Ingeneral, each case is potentially different and it is dangerous to have a ”one rule fits all circumstances” attitude. However, something should be done for those cases where 2 players simply chicken out and are afraid to lose rating points.

My personal recommendation is taken from observing monks in mediation classes: the chief monk walks around with a bamboo stick , observing his students’ efforts in mediation.  When he feels that one is not trying as hard as he should, he gently taps the student on the shoulder as a reminder of the point of the exercise.

Perhaps chess arbiters should follow the same practice, walking around between rows of chess tables…and when he feels that one or both players are not giving it enough effort, a gentle reminder on the shoulders might make all the difference.  It might even attract some spectators…

The European Individual Championship came to an end this past weekend, with 3 players tying for first prize. The Russian born Potkin won the title on tie-break over the Polish GM  Wojtaszek  and the number one rated female player in the world, the Hungarian Judit Polgar.

The prize ceremony was done with style and grace, as fitting for the strongest open tournament of the year so far.

A total of 23 players qualified from Aix les Bains for the upcoming World Cup, to take place between August 26 and September 21 in Khanty Mansiysk.  The tournament received excellent coverage in the world’s chess media, complete with daily videos and reports.
I especially liked the high qualify reporting done by the team from Europe-Echecs, headed by Robert Fontaine.  About as good as anything that you would find in golf or tennis!  Here are the final 2 rounds’ reports.


US Championship vs Canadian Championship

Both zonal championships are soon to begin, with the US Championship starting on the 13th of this month and its Canadian counter-part about a month after that.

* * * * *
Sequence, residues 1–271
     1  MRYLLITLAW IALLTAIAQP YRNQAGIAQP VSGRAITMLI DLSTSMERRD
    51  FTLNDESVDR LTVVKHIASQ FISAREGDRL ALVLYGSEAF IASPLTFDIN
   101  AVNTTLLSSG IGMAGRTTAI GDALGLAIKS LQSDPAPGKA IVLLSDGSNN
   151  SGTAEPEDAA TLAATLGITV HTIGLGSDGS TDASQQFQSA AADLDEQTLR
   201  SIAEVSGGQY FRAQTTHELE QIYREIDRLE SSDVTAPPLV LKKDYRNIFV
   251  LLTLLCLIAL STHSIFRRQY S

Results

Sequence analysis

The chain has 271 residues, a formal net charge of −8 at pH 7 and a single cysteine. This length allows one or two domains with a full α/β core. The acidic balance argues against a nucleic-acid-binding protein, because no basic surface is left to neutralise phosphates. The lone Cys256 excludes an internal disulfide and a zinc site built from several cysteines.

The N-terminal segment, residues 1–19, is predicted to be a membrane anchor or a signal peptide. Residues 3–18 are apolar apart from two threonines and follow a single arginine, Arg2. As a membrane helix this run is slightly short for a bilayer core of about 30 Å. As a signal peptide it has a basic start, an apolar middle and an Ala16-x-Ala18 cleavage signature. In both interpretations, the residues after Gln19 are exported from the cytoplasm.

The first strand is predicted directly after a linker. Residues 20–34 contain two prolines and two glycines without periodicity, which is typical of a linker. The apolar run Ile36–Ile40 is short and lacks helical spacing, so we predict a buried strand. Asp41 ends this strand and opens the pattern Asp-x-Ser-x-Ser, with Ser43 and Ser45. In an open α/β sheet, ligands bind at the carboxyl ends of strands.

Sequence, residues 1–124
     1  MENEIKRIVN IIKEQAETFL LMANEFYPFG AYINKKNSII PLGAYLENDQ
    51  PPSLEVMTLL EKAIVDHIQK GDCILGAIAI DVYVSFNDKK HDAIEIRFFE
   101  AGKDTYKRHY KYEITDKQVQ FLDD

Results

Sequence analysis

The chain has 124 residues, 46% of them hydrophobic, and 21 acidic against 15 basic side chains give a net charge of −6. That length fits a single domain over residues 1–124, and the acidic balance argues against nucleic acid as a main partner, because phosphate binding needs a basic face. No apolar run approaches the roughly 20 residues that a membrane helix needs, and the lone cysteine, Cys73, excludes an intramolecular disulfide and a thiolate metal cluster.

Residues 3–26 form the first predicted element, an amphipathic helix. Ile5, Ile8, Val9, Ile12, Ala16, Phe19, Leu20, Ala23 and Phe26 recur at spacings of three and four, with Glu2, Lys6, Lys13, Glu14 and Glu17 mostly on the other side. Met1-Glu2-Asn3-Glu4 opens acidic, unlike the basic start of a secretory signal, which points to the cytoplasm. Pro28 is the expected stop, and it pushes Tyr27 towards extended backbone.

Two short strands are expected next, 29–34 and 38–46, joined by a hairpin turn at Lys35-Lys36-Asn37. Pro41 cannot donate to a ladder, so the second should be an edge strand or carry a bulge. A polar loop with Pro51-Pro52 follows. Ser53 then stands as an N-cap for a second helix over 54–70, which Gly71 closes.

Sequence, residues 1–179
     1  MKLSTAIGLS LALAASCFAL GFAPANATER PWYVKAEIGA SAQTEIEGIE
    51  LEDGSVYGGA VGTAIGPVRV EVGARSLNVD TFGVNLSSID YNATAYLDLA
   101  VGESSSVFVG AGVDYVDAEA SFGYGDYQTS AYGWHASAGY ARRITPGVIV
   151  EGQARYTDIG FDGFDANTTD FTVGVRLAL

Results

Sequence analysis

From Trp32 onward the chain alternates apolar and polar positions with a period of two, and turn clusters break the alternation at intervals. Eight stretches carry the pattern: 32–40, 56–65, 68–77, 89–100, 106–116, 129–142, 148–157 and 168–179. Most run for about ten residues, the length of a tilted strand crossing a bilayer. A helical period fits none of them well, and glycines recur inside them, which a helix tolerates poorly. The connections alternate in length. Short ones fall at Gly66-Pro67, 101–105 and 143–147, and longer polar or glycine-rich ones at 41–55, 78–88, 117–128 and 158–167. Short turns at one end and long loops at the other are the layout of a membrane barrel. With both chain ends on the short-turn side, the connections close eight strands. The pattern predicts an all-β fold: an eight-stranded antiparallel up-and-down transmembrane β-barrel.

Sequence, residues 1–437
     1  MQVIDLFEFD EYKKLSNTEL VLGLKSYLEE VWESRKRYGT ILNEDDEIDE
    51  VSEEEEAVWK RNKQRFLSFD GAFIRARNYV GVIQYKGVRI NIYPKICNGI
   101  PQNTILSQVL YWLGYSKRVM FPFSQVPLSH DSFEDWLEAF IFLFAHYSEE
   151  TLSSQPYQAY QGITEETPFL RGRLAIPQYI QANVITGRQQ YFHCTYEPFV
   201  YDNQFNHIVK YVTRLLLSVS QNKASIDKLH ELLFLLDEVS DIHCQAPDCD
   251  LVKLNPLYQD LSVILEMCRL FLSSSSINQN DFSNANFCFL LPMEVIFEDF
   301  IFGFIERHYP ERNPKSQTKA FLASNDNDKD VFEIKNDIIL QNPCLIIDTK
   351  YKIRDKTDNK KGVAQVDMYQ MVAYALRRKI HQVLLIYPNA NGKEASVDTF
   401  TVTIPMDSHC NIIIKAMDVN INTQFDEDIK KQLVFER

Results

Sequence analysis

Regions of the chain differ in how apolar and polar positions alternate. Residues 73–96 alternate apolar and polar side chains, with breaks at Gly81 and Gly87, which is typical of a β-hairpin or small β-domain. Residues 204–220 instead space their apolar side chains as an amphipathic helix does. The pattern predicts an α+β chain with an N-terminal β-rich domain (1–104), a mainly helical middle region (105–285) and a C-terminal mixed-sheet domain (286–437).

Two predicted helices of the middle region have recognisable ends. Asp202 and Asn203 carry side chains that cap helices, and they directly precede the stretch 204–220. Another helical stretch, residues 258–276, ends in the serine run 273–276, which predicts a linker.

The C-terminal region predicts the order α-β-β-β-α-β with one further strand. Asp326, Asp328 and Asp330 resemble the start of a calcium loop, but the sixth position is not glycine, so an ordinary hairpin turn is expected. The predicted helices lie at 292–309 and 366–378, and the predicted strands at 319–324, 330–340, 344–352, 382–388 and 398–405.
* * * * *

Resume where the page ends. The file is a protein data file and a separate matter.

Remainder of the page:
Both tournaments are qualification events for the upcoming World Cup in August. I believe that the US Championship qualifies 6 players (though I stand to be corrected), while the Canadian Championship qualifies just one.  Which makes sense, ofcourse, since the USCF has close to 100,000 members and more than 50 GMs.  The CFC struggles to have 2,000 members and has just about a half-dozen active GMs.

But the differences don’t stop there.  This year’s US zonal boasts a $166,000 prize fund and the organizers have spent months preparing for the event,regulary updating a really excellent website and generating media interest.  Almost all of the top active players in the US are participating.
The Canadian Zonal, on the other hand, is a black hole: there is no website, no media press releases nor even will the CFC make public the names of the those who have entered (it is an open swiss tournament). There are no sponsors (I mean real sponsors) , and the prize fund of a meagre $4,000 is 100% based on entries ($250 a shot).  Making things even more ridiculous, if less than 30 paying entries participate, the prize fund will be proportionally reduced!

Ofcourse, the CFC is a poor organization compared with the USCF.  But what really pisses off most CFC members (including yours truly), is that the CFC leadership really does not try to hide the fact that it could not give a shit about its national championship.
That , to my mind, is a very un-Canadian way for a national federation to behave.
%d bloggers like this: